Both statements are most likely alluding to Russia’s disagreement with Norway regarding the interpretation of the 1920 Svalbard Treaty. In particular, Russia is against Norway establishing a fisheries protection zone and ‘the artificial expansion of nature protection zones to limit economic activity in the archipelago’. In February 2020, on the 100th anniversary of the treaty, Russia has again raised these questions in a stern letter that was sent to the Norwegian Ministry of Foreign Affairs.
While Russia’s neighbours in the region worry about the ongoing Russian military build-up, Basic Principles 2035 portrays Russia’s own concerns over the increasing military presence of foreign countries and the related growing conflict potential in the Arctic as challenges for its national security.
Russia has repeatedly claimed that North Atlantic Treaty Organization’s (NATO) increasing activities in the region pose a significant threat. Activities of the United States in the Arctic and North Atlantic have also been pointed out as a challenge to both Russia’s military and maritime doctrines.
According to the Basic Principles 2035, preserving the Arctic as the ‘region of peace’ remains one of the Russia’s main national interests in the region. The policy document indicates that Russia will continue to support cooperation on a number of issues, including the delimitation of the Arctic shelf, search and rescue, prevention and liquidation of consequences of technological catastrophes. Russia aims to strengthen relations on the bilateral level and in different formats of multilateral cooperation, but specifically distinguishes the Arctic Five, Barents Euro-Arctic Cooperation and the Arctic Council.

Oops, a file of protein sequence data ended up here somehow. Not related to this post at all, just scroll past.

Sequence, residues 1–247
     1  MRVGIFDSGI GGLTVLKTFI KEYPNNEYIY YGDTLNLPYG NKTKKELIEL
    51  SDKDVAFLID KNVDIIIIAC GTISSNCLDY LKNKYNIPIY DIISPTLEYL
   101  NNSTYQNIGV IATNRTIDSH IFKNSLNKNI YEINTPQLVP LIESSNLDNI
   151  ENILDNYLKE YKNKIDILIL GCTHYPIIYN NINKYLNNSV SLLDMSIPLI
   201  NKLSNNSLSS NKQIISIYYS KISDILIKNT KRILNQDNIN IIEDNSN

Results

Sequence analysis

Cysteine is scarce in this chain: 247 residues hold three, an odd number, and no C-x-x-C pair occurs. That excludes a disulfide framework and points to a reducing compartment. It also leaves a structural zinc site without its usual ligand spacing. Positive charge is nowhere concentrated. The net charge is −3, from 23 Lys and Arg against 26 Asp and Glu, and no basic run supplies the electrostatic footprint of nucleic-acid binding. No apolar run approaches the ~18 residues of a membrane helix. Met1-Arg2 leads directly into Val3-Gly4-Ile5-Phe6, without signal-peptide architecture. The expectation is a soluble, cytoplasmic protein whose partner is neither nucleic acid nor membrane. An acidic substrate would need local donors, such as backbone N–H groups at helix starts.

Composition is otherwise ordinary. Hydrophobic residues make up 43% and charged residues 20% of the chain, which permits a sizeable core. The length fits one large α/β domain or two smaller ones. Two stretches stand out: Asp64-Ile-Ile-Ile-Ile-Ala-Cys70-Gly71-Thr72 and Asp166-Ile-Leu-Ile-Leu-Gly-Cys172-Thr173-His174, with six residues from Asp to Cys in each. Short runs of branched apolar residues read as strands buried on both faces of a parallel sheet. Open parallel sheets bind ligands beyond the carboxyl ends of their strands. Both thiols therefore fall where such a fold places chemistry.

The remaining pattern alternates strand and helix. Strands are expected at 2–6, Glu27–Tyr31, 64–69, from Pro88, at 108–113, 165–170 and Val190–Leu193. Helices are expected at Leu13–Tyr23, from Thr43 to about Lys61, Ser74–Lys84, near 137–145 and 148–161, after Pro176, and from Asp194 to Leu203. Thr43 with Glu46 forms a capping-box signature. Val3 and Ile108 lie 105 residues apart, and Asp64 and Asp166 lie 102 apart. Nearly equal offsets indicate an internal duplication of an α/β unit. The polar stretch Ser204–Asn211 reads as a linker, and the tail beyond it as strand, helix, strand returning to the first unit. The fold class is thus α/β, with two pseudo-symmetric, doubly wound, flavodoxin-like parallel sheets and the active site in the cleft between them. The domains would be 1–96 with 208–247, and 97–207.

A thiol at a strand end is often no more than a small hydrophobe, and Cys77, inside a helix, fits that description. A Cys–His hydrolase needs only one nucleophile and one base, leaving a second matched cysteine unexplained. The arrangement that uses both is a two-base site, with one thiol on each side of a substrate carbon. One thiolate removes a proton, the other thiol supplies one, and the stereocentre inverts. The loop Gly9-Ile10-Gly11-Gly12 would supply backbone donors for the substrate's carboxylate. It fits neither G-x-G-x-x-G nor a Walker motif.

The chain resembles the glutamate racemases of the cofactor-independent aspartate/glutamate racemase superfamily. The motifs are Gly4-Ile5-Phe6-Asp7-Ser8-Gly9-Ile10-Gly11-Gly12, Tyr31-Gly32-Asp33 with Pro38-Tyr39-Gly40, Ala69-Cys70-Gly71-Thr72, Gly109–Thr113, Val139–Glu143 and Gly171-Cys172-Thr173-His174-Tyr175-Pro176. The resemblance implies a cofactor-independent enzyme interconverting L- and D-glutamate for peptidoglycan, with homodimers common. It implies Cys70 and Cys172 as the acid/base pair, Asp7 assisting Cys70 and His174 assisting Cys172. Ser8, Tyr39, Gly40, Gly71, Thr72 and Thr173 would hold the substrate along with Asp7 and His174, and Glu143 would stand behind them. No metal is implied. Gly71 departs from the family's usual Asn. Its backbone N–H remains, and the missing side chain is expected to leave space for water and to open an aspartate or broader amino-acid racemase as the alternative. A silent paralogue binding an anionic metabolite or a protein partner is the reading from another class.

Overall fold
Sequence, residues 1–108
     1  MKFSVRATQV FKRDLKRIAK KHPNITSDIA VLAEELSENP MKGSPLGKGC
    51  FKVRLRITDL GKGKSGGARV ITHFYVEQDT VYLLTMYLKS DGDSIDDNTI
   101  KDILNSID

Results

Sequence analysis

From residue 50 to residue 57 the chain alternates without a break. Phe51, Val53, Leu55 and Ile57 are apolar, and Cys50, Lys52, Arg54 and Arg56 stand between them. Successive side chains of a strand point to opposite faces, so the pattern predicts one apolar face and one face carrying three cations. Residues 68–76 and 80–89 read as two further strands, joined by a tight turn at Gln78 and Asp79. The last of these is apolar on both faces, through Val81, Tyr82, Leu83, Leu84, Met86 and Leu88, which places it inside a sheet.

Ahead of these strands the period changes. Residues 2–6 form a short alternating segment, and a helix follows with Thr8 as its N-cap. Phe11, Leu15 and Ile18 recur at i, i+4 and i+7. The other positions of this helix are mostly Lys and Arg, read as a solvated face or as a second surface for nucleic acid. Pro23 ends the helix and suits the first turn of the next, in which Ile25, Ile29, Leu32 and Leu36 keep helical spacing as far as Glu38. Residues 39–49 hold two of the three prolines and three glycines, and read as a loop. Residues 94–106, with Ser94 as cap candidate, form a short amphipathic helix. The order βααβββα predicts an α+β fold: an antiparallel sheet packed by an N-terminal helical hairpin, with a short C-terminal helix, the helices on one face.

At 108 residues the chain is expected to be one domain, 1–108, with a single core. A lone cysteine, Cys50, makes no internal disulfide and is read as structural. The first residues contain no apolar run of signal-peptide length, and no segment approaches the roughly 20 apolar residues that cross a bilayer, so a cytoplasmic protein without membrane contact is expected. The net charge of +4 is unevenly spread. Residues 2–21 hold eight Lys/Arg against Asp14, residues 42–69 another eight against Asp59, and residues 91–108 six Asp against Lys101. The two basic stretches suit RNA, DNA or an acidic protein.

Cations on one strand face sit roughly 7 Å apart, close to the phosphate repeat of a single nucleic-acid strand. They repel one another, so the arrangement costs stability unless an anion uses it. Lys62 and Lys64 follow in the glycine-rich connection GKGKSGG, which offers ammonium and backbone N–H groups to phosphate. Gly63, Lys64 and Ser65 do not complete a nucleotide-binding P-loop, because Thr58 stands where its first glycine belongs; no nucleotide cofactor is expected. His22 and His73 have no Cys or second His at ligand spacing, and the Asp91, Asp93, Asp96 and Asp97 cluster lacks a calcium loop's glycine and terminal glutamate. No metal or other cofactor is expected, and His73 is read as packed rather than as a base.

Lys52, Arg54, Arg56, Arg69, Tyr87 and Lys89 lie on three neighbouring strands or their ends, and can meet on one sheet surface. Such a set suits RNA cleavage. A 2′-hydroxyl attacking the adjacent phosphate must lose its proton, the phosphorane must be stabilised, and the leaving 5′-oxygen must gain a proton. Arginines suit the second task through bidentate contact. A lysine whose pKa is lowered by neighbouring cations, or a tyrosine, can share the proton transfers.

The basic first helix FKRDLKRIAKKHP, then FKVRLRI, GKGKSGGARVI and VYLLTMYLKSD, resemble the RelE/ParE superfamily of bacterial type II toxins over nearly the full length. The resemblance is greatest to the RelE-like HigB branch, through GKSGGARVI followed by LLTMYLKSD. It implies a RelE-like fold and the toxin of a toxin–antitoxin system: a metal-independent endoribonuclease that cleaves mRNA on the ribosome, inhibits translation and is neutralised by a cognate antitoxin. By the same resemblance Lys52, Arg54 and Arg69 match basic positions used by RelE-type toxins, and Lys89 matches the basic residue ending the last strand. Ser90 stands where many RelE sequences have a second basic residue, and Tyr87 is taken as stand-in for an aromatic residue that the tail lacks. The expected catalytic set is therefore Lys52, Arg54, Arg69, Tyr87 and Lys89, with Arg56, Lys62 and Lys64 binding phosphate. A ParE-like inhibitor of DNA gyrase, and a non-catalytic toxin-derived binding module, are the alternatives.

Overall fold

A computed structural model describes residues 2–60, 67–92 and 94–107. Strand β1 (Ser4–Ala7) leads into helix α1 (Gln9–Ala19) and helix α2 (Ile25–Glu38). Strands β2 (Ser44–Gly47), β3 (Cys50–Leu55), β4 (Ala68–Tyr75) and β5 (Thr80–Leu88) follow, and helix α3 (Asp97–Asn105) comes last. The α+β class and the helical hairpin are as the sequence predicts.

One of Russia’s objectives in the new policy document is ‘to secure the Arctic Council as the key regional institution coordinating the international cooperation in the Arctic’. This could imply that Russia still does not support taking away these functions from the Arctic Council and using alternative forums for cooperation, such as the Arctic Circle network. Given that Russia will take over the chair of the Arctic Council in mid-2021, it is not unusual that strengthening the institution is a priority.
Russia also sees the promotion of ‘mutually beneficial economic partnership with Arctic and non-Arctic states’ as an objective for Arctic cooperation. Hence, it can be implied that Russia will keep searching for external investments into the Arctic economy and develop its cooperation with countries outside the region, primarily, but not only, with China.
Although it contains a few new elements, Basic Principles 2035 does not indicate any drastic shifts in Russia’s Arctic policy compared to previous strategies. Russia continues to be interested in cooperating in the Arctic region on matters of mutual interest to advance its regional leadership and economic agenda. At the same time, it seems that Russia plans to continue a campaign of harsh rhetoric regarding security challenges in the Arctic region, while also boosting its military capabilities as a way to address these perceived fears.